Anthony: If you weren’t coaching baseball these days, what would you be doing?
Coach Henriquez: [chuckle] Well, if I wasn’t coaching anymore, which one day that is going to happen, I’ll turn to running our business. You know, we’re in the mobile home business. Along with baseball, coaching and teaching, taking care of my family, we run a mobile home park and we’re on the verge of scaling our business and continue to purchase parks, as our goal. And scaling and even buying some parks, in a lot of Key West and Central Florida. So eventually, one of these days I’ll go from the diamond to [laughing] to the mobile home park. The mobile home park scene.
Anthony: When the time comes, you talked before about when the time was for you to get out, but when that time comes, and you have to pass the torch to the next Key West Manager, what your words of advice be for him to handle all that this particular job entails?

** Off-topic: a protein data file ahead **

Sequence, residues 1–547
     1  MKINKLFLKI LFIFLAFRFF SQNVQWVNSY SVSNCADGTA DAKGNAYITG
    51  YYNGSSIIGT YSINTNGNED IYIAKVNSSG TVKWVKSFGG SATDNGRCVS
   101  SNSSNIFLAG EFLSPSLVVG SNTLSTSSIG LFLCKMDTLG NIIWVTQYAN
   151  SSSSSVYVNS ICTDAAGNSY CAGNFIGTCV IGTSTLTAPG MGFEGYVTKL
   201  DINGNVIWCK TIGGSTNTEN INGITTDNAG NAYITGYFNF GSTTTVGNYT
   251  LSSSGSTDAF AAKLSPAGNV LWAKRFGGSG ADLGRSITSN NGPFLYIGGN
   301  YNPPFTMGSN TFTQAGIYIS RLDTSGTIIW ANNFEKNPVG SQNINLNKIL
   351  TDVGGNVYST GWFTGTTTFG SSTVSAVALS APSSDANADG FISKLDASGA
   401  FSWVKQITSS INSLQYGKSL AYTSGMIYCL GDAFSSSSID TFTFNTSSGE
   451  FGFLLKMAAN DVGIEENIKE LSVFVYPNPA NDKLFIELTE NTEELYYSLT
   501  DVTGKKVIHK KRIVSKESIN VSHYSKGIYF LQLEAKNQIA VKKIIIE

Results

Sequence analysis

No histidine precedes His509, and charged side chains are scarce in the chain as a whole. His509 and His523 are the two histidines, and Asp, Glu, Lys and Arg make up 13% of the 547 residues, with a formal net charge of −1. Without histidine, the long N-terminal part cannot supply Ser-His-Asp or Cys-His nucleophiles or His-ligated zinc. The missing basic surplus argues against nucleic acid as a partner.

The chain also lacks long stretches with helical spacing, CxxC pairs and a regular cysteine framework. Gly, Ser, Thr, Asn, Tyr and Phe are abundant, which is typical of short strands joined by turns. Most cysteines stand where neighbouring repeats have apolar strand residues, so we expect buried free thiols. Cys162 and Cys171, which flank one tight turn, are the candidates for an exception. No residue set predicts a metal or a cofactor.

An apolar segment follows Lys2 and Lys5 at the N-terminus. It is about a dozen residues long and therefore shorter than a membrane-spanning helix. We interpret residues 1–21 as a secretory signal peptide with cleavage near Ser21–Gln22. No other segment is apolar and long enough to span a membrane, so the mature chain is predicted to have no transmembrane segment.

Coach Henriquez: I’ve been very blessed to have very, very supportive people. You know, the radio station with Rick Lopez, Jack Niles, my wife, and I have a lot of parents of former players of mine that come and volunteer. I have many parents of alumni that will come out and run the grill for us, because they love it. That person that’s going to have to come here to replace me, which we all are replaceable, they’re going to need to be able to put together a team of people like that to continue running this, because you know like I’ve mentioned to you years back, this program, to do what we do, fly out of Florida and go play out of the state and do this and do what we do here, you’re looking at about a 90 to 100 thousand dollar budget. And that comes through the gate, the concession stands, because we don’t receive any assistance from the school district and nobody does, for that matter.